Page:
A Plane Ticket Makes A Missionary?

by | Jun 15, 2016 | Missions | 4 comments

Missionary Flight

A Plane Ticket Doesn’t Make A Missionary?

The title caught your eye! It caught mine. I read the article and had such a good time I included it in its entirety for your consideration! Would love to know your reactions to this piece.
Before I go, just know I’ve heard all the discussion and comments the author references. Maybe that’s why I so readily indentified with what he has to say!

Soli Deo Gloria!

When a Plane Ticket Makes a Missionary – Jason Seville

A Plane Ticket Never Made A Missionary.

I’ve heard this quip a number of times in a number of forms from a number of teachers. Indeed, I’ve even used it myself to aid a preaching point.
And the point, of course, is that purchasing airfare to Jamaica (or taking a road trip to Florida) won’t magically transform someone into a missionary. The ensuing one-liner often goes: “If you’re not sharing the gospel over here, you won’t all of the sudden start sharing it over there.”
To be sure, there’s much merit to this idea, which is why so many have verbalized it. It’s a notice to churches and sending organizations to both temper expectations and speak realistically about what’s taking place on many short-term trips. The adage is also a helpful reminder that mission is ever-present—something Christians should be engaged in everywhere their beautiful feet take them. Gospel sharing shouldn’t be relegated, merely, to something you can circle on a calendar.
Very well and good. Having affirmed those truths, however, I offer two rejoinders.

Jumpstarting a Lifestyle

airplane wing rightFirst, there are plenty of times when a short-term trip does make a missionary. Have you thought about that? Get beyond the lovely lilt of our missionary-plane-ticket quote and consider that God can and does use short-term trips to embolden the faith of the fearful. To give tangible models of ministry to the inexperienced. To jumpstart a lifestyle of evangelism in his church.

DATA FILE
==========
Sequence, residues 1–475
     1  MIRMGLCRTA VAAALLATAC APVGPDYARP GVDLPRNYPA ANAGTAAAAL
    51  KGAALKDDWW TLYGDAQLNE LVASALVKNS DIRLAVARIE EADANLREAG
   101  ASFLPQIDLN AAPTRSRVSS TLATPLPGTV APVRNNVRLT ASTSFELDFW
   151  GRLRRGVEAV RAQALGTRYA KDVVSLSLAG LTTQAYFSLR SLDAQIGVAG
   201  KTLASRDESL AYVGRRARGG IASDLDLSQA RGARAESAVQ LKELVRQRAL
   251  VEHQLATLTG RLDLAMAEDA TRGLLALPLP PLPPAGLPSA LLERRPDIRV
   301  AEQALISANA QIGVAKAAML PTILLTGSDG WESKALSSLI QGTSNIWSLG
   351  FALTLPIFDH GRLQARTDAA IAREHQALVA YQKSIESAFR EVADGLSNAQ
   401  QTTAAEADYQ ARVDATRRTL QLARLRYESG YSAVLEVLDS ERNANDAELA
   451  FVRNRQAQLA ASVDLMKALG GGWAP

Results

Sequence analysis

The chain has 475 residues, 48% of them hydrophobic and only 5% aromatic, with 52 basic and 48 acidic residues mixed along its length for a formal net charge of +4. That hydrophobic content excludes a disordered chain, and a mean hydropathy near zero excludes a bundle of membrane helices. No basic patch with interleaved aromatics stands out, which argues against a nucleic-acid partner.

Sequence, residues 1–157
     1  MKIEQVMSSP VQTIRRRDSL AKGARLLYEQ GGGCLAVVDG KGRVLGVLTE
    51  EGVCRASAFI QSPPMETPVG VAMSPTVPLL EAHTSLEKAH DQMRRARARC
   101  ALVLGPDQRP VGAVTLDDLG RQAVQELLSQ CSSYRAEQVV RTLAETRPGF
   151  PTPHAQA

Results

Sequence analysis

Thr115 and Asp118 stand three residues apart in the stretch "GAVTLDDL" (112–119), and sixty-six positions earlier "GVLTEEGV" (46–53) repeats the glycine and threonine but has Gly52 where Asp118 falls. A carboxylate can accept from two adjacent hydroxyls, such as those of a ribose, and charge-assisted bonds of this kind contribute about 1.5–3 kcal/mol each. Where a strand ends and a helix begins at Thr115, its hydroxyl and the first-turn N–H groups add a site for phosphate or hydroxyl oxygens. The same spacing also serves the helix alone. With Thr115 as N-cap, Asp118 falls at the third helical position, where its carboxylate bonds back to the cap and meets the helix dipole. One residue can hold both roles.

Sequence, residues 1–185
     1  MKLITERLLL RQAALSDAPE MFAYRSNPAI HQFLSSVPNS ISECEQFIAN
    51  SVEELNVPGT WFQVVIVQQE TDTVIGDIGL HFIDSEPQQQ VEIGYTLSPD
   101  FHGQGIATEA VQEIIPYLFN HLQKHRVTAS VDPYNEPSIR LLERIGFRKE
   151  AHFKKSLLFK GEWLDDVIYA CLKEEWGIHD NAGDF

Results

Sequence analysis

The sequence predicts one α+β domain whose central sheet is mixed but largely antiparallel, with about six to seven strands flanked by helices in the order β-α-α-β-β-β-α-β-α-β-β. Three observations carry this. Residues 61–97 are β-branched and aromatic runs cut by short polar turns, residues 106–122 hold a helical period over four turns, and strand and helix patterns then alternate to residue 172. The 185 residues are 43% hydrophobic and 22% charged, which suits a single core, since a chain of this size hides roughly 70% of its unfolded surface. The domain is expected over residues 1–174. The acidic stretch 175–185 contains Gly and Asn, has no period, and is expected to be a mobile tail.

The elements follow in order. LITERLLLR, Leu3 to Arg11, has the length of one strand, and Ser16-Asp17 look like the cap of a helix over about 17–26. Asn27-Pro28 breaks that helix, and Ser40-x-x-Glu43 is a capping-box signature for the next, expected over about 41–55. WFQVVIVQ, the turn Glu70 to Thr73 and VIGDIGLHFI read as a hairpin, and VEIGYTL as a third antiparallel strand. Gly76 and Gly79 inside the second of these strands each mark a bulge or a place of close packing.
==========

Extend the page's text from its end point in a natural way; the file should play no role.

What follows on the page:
Many of you may have seen or experienced this work firsthand. I know I have. I had people teach me how to share the gospel, but it was a missions project in California the summer after my freshman year of college that cemented in me a passion for evangelism. Likewise, I knew the Bible talked about God’s heart for the nations, but it wasn’t until I spent a couple months overseas that I caught a vision for multi-ethnic ministry.
This is hopefully taking place in your church as well. Timid high school students step out in faith to engage someone on a beach only to conclude, “Hey, that was easy! There’s no reason I can’t do that in the halls of my high school.” Collegians struggling with the familiarity of relationships at home or on campus in America suddenly gain a new passion after a summer in Africa. After a week of making new friends and having gospel conversations they see it’s no more difficult and no less vital to walk in the same manner back home.
What “makes a missionary” is a heart issue. Only when Jesus is beautiful and glorious to us will our affections be stirred in such a way that we must talk about him. This is the type of work God is up to as his children trust him by traveling to unfamiliar places.
So, yes, people often do gain a missionary perspective on the field and not prior to it.

Encouraging Encouragement 

Second, where do we get off with such pessimism and discouragement? Certainly the heart behind it can be positive: we want to stir up the saints toward a lifestyle of gospel advancement at home before they attempt it abroad. But why not focus on promoting both?
I realize I’m wading into the turbulent waters of considering the effectiveness and efficiency of short-term missions. That’s another discussion for another day, and I’d never advocate an uncritical approach; there is much wrongheadedness and poor stewardship on the mission field that must be corrected.
What I’m encouraging is, well, encouragement. Don’t be the skeptic who sneers, “David, if you didn’t fight with us against Moab and Ammon, you won’t be able to magically”—only to have your sentence cut short by the thud of a Philistine giant’s body. Instead, take every chance you get to encourage the faith of those who want to follow Jesus and tell others about him.